AppStore vendors are culpable for Facebook sucking your text messages.

ReadWriteWeb’s recent coverage1 of the discovery that the ever-hungry and privacy-destroying Facebook has been reading text messages from the smartphone devices of users deploying its mobile application is interesting, not least because the outcry seems to be finger-pointing at Facebook… because Facebook is ever-hungry and privacy-destroying.

This finger-pointing sidesteps a core issue about the governance and quality-control arrangements for the app-store ecosystems.

In the case of Apple, the app-store ecosystem is much more closed than open, and applications are subjected to some level of scrutiny through Apple’s eyes of what is and what is not fit for deployment to millions of customers carrying iOS devices. Applications are denied entry into Apple’s walled garden through selectively-appled architecture rules such as “we don’t approve of that authentication technique” or “that application might be useful, but it’s too much like a web clipper, so it’s not allowed in here”.

Nothing really obvious steps out of Apple’s iTunes Terms and Conditions2 that any reasonable person might be able to interpret as signalling their consent to having applications accessing their text messages or their address books or their email or intercepting their telephone calls. The closest thing seems to be:

  • Consent to Use of Data: You agree that Licensor may collect and use technical data and related information—including but not limited to technical information about your device, system and application software, and peripherals—that is gathered periodically to facilitate the provision of software updates, product support, and other services to you (if any) related to the Licensed Application. Licensor may use this information, as long as it is in a form that does not personally identify you, to improve its products or to provide services or technologies to you.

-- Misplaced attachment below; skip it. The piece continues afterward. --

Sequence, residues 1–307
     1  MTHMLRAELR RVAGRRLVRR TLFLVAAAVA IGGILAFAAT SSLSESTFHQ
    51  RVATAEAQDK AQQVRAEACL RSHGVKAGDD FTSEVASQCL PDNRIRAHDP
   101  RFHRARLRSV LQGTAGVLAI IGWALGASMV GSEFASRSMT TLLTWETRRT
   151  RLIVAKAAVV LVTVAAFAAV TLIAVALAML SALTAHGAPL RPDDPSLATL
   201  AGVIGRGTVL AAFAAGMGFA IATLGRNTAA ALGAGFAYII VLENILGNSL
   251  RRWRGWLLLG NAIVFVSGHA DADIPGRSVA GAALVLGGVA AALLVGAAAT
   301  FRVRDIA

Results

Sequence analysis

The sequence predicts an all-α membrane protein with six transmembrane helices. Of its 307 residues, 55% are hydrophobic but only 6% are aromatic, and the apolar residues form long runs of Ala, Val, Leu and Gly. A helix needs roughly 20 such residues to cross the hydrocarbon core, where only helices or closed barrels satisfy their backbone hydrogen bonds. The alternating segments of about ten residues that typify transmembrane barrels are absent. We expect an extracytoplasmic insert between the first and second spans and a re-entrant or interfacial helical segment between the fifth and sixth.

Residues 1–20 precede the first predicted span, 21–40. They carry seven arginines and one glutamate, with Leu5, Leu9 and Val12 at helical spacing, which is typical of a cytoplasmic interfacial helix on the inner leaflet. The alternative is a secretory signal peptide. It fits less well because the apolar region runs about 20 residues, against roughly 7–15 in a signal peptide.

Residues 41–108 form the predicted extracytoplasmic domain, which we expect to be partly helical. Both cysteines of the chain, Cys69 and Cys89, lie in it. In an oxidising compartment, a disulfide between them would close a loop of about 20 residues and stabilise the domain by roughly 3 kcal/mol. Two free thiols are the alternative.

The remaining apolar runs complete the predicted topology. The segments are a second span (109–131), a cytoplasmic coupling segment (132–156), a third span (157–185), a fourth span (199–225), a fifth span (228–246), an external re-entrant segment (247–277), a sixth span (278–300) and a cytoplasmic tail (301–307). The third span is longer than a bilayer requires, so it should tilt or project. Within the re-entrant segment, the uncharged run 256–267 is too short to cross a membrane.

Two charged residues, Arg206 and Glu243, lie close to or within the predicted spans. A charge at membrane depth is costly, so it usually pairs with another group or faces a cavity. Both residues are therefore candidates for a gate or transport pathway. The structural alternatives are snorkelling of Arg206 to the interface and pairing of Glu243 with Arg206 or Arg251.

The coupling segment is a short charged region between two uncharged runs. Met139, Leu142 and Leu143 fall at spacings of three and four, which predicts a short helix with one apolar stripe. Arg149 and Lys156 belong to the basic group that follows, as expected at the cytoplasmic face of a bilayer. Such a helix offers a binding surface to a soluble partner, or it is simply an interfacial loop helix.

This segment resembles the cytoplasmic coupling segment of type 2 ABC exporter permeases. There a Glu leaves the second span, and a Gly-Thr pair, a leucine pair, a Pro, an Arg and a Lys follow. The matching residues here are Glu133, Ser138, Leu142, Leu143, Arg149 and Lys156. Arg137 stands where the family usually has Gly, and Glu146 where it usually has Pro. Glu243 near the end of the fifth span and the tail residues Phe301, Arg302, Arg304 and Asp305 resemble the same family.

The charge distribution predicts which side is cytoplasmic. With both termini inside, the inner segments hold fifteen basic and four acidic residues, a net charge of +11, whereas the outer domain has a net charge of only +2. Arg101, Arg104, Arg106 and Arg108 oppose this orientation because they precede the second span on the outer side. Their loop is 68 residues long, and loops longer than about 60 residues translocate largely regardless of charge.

With something like the Facebook application deployed across literally millions of devices, it’s unthinkable that the scraping of text-messages from user’s devices comes as surprise either to Facebook or to Apple, or Android, or Microsoft — it’s unclear from the press coverage to date which devices and operating-systems the text-message reading applies to.

Where exceptional access to private information is being taken by an application (and it cannot be hard to scan the code to discover that access through calls to methods like getAllTheTextMessages or interceptThePhoneCall) the app-store owners must be forced to do a better job of allowing end-users to make the release-or-not decisions for themselves.

It’s also, sadly, not something that comes as any surprise to the users of these applications who are the saleable meat-product of these social-computing mega-vendors.

  1. ReadWriteWeb story about the Facebook mobile application accessing text messages on smartphones:
  2. Apple iTunes terms and conditions:

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